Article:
Predictive analytics modeling is a statistical method that connects observable patterns to unobservable occurrences. For example, the IRS has access to tax filing data (observable patterns). Since rule-breakers usually attempt to hide their bad behavior, fraud can be difficult to detect. To address this problem, investigators can analyze data using special modeling techniques that detect filing patterns most closely associated with fraudulent behavior (unobservable occurrences). In this way, predictive analytics can help agencies identify these harmful patterns using already-available data.

#### CHOOSING A MODELING METHOD

In recent decades, modeling methods have proliferated. From these plentiful options, researchers choose their modeling method depending on (a) the type and the availability of data and (b) what outcome they want to investigate. While a full exploration of modeling is beyond the scope of a single blog post, we will assume for the purpose of this conversation that historical outcome data is available. (Note: If an outcome variable is unavailable, we could use different modeling techniques instead.[1]

We can model an outcome by expressing it as a mathematical equation of other variables that show statistical patterns. In this context, the outcome is a dependent variable and the other variables that provide statistical patterns are predictors. Modeling calculates the numerical impact of each predictor on an outcome, since each predictor is likely to show a different influence. These numerical impacts are patterned after historical experiences, as reflected in the available data.

#### Exploring a REAL-WORLD EXAMPLE: MORTGAGE DEFAULT PREDICTORS AND OUTCOMES

Let’s consider a concrete financial example: mortgage defaults. During the modeling process, banks investigate which residential mortgage loan applicants are likely to default on their future payment obligations. Banks are interested in historical default patterns—but every borrower is different. Some of them have better credit (e.g. better FICO score), some provide a larger down payment (e.g. lower loan-to-value ratio), some choose fixed rate loans and other choose adjustable mortgages (e.g. loan product type), and some have higher income (e.g. lower debt-to-income ratio). Banks routinely collect these data elements, so the information is already available in administrative datasets.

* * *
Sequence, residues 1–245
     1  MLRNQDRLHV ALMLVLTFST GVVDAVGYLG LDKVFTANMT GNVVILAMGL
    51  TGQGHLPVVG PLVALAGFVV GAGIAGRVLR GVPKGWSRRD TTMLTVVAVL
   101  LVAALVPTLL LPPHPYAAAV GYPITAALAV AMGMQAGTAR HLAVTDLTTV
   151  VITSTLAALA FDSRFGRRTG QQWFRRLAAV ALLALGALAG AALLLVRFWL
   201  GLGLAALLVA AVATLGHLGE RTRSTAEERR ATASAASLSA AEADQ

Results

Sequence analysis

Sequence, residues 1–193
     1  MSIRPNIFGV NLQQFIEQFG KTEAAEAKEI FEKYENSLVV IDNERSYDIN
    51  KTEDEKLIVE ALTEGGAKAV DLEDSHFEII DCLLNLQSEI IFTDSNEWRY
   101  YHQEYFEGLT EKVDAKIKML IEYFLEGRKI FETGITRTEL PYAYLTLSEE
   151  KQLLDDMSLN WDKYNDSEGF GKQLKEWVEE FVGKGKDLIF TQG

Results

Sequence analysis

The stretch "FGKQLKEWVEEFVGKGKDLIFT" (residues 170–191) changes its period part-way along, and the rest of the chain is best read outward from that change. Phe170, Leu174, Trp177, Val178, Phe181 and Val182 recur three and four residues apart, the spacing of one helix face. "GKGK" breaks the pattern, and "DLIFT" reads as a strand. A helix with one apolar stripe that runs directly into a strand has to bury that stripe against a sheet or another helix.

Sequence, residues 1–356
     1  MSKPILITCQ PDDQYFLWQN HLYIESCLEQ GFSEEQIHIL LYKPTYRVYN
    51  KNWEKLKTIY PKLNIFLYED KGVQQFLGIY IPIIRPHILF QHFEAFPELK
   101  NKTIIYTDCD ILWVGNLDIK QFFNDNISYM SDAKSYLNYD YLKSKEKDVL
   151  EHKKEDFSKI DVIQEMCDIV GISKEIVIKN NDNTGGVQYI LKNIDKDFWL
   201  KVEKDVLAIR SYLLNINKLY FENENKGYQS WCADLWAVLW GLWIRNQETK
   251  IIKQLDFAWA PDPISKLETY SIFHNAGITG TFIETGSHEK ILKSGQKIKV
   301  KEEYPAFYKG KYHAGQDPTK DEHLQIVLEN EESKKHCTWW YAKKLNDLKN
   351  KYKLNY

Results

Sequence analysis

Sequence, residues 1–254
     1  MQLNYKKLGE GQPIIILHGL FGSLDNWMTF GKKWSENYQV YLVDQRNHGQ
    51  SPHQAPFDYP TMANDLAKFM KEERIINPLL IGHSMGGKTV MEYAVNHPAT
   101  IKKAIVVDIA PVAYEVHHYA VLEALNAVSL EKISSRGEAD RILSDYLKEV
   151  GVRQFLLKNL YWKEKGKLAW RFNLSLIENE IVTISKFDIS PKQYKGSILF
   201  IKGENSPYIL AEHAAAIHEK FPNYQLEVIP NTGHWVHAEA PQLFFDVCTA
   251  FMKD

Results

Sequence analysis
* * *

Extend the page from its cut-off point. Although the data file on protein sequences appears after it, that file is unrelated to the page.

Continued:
Banks express the outcome—that is, whether a borrower defaulted—as a mathematical formula of predictors including FICO score, loan-to-value ratio, loan product type, and debt-to-income ratio. Based on historical experience, the mechanics of modeling assigns a numerical impact to each predictor, patterned after its influence on historical default experience. By applying these numerical impacts to individual mortgage loan applicants, banks can predict default probabilities based on applicants’ financial profiles.

#### MODELING CIVIL INFRACTIONS

Although the example above applies to many enforcement settings, modeling civil infractions is considerably more complex.

First, there is the issue of sample selection. Enforcement agencies often do not have a database that contains all historical civil infractions. Rather, they have a database of civil infractions from cases they investigated, which is likely to be a subset of all civil infractions. The civil infractions that were not investigated are invisible to the enforcement agencies. To the extent that investigations are not representative of the entire regulated community, observed infractions are unlikely to be representative of all infractions among the entire regulated community. Left untreated, a model trained on historical infractions may inherit systematic blind spots and miss critical patterns.[2]

Second, the definitions of civil infractions can be unclear and impermanent. Often, the interpretations of rules and regulations change over time. An agency’s investigative focus can change as the agency’s priorities change, causing inconsistent outcomes. Because determining civil infractions is a human endeavor, it is susceptible to subjectivity. Cases with the same fact pattern could receive different verdicts. In other words, outcomes are imperfectly measured.

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[1] Models trained with outcome variables are “supervised”.  Otherwise, they are “unsupervised”. See Elements of Statistical Learning: Data Mining, Inference and Prediction by Hastie, et al. (2008) for further elaboration.

[2] Professor Jonathan Feinstein studied this modeling challenge extensively.  See "Detection Controlled Estimation," Jonathan S. Feinstein, The Journal of Law & Economics, Vol. 33, No. 1 (Apr., 1990), pp. 233-276.